There are some fantastic programs that manage to captivate employees and generate positive engagement outside the office – no small feat. As with any business, there are also some programs out there that aren’t going to provide much value to employees, and a few that can be downright damaging to the company.
Like many businesses, the buyer tends to get what he/she pays for. While we mentioned that most of these programs are inexpensive, there are free employee discount programs available. The lure of free is hard to resist, but there are serious issues with free employee discount programs that should give any executive pause before offering them as a benefit to employees.
What Free Employee Discount Programs Aren't Telling You
Here are ten facts about free and super-cheap employee discount programs you probably won’t hear them admit:
1. It’s free for you, but a revenue generator for them -- How do “free” employee discount programs survive? They collect revenue off every transaction. These are called “affiliate offers,” and they reward referring sites with a percentage of every transaction they generate. The result is that the offers themselves are lower so that there’s enough margin to pay back to the discount provider.
2. They’re giving your employees advertisements -- The affiliates-only model incentivizes the discount program provider to push the most-profitable deals, instead of serving up the most relevant offers to employees. It’s how free employee discount programs maximize their earnings, but it doesn’t help employees too much.
3. There aren’t many offers employees will actually use -- Free employee discount programs are typically almost 100% online-based. While online shopping is growing, it only comprises about 6% of national spending. Employee usage of the program will be dependent upon in-store offers, which are not part of freebie programs.
4. The deals are publicly available -- The deals being served by cheap and free employee discount programs usually aren’t exclusive or even unique. They’re freely available to the public at large through online searches, daily deal providers, and at deal aggregator sites such as FatWallet. Employees will recognize fairly quickly that a retailer’s “Back to School” sale isn’t really an exclusive benefit, but instead a publicly available marketing campaign.
5. Employee data is likely being sold -- The other way some free employee discount programs create revenue is selling usage and redemption data back to the retail community. This is usually disclosed, but buried in mounds of fine print.
6. There’s no customer service -- Eventually, an employee is going to have an issue redeeming an offer, or a question about why the discount isn’t showing up in their online shopping cart. Free employee discount programs don’t have member service centers, so most of these issues wind up being routed to your HR department.
7. There are no mobile-based coupons -- As smartphone adoption grows, so is mobile coupon usage. The phenomenon is making coupon fans out of groups who haven’t been heavy users in the past, such as men and Millennials. A discount program with coupons available anytime, anywhere on a mobile device is instantly relevant to nearly every person in an organization, but these offers won’t be found in most free or cheap programs.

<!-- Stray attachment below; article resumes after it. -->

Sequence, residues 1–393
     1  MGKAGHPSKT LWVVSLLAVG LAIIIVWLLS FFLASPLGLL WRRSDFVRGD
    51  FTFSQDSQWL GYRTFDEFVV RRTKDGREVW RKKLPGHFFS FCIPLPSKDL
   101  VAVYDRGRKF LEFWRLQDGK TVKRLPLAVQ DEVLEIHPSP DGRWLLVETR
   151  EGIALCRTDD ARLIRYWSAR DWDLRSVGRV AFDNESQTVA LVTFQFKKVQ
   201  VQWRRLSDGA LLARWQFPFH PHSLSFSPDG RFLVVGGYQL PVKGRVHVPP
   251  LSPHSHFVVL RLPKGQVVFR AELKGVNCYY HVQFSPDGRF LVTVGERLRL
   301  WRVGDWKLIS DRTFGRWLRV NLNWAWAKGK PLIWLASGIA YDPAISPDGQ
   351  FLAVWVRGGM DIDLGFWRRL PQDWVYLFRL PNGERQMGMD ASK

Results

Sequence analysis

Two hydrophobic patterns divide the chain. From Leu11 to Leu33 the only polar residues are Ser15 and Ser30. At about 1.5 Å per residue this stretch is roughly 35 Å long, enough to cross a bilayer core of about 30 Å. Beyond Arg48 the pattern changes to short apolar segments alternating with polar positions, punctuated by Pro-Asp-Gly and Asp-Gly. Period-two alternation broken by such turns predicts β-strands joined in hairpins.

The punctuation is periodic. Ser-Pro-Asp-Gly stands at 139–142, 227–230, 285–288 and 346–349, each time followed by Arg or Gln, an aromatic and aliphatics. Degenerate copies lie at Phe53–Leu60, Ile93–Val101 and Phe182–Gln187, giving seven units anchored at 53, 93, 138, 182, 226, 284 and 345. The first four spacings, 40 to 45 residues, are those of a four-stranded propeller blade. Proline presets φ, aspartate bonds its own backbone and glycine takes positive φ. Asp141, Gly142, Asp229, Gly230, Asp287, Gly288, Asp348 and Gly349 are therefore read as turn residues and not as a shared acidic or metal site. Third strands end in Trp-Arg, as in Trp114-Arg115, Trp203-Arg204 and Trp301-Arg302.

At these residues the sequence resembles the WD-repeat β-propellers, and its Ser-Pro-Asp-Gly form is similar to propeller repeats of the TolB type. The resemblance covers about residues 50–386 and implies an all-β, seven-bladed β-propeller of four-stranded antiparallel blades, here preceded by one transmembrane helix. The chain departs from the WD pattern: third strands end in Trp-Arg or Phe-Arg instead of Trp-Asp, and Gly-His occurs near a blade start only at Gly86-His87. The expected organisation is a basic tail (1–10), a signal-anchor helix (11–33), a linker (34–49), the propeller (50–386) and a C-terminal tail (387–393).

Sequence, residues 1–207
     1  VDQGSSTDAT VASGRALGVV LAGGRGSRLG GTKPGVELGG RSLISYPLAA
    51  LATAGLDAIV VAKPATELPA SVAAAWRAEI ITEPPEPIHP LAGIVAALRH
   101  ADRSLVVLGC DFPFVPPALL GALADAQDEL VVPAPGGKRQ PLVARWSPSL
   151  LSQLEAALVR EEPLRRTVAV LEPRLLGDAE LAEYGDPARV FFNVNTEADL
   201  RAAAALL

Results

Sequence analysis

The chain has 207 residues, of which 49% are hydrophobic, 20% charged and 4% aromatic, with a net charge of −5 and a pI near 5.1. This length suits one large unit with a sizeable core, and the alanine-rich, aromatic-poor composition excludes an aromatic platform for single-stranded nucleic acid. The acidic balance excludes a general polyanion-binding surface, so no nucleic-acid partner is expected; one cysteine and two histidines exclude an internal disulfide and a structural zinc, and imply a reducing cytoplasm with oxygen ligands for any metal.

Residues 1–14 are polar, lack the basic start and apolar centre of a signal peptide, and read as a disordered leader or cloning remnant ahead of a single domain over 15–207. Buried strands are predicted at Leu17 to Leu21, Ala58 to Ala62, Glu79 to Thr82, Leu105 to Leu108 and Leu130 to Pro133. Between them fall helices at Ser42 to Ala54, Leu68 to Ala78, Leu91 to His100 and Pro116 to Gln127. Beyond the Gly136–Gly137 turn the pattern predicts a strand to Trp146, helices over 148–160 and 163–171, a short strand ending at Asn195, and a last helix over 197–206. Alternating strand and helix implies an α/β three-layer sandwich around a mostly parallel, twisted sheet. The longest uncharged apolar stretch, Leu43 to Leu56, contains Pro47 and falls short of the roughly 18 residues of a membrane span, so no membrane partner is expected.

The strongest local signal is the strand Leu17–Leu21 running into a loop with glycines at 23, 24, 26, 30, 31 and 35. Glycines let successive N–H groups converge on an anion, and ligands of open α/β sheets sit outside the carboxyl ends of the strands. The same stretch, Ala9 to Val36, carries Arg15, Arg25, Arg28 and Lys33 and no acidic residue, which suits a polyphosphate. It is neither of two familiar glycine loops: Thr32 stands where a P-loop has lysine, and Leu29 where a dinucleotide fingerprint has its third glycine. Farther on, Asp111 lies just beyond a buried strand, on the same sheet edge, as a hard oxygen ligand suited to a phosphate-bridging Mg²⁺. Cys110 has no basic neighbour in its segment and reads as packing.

8. They don’t have a direct relationship with the merchants -- Why does this matter? Major retailers are constantly rolling out deep, limited-time offers and special deals for certain discount programs. Like mobile coupons, these deals simply won’t be found in most free employee discount programs.
9. Your employees will be spammed -- Many free employee discount programs bombard members with an avalanche of marketing, including frequent emails. These programs are comfortable employing spam tactics, but it will wear on your employees very quickly – to the detriment of their employer.
10. They’ll add complicated, fruitless schemes -- To help make the publicly available offers seem more attractive, some free employee discount programs will allow employees to earn points from their purchases that can then be redeemed for merchandise. Unfortunately, the amount of points required to earn a piece of merchandise is so high that most employees will never benefit from this feature. While most people love to earn points on any kind of purchase, there can be repercussions when they can’t actually do anything with them.
The purpose of an employee discount program is to build good will between employer and employees by helping them save money on their purchases. That requires relevant offers, responsible marketing to drive usage, and solid customer service. Without those, it’s just some offers that maybe employees will stumble on and consider using, with no benefit driven back to the employer.
Making an Investment (And Enjoying the Return)
This is a day and age when at any given time a quarter of employees are looking to change jobs. That means every quality benefit your company offers gives you an advantage. Even better: companies that engage over half of their employees retain over 80% of their customers. There’s an obvious benefit (and ROI) to quality employee benefits.
While free and cheap are hard to turn down, these programs aren’t likely to move the dial in a positive direction. In some cases, they can actually be a detriment to the employee and therefore to the organization.
The good news: great employee discount programs are effective engagement-builders, and roughly cost about the same as buying each employee a candy bar every month. When the typical employee can turn that benefit into a few hundred dollars in savings regularly, that’s an ROI that no other benefit can offer. A freebie program just gives you exactly what you pay for.
(Photo via Flickr)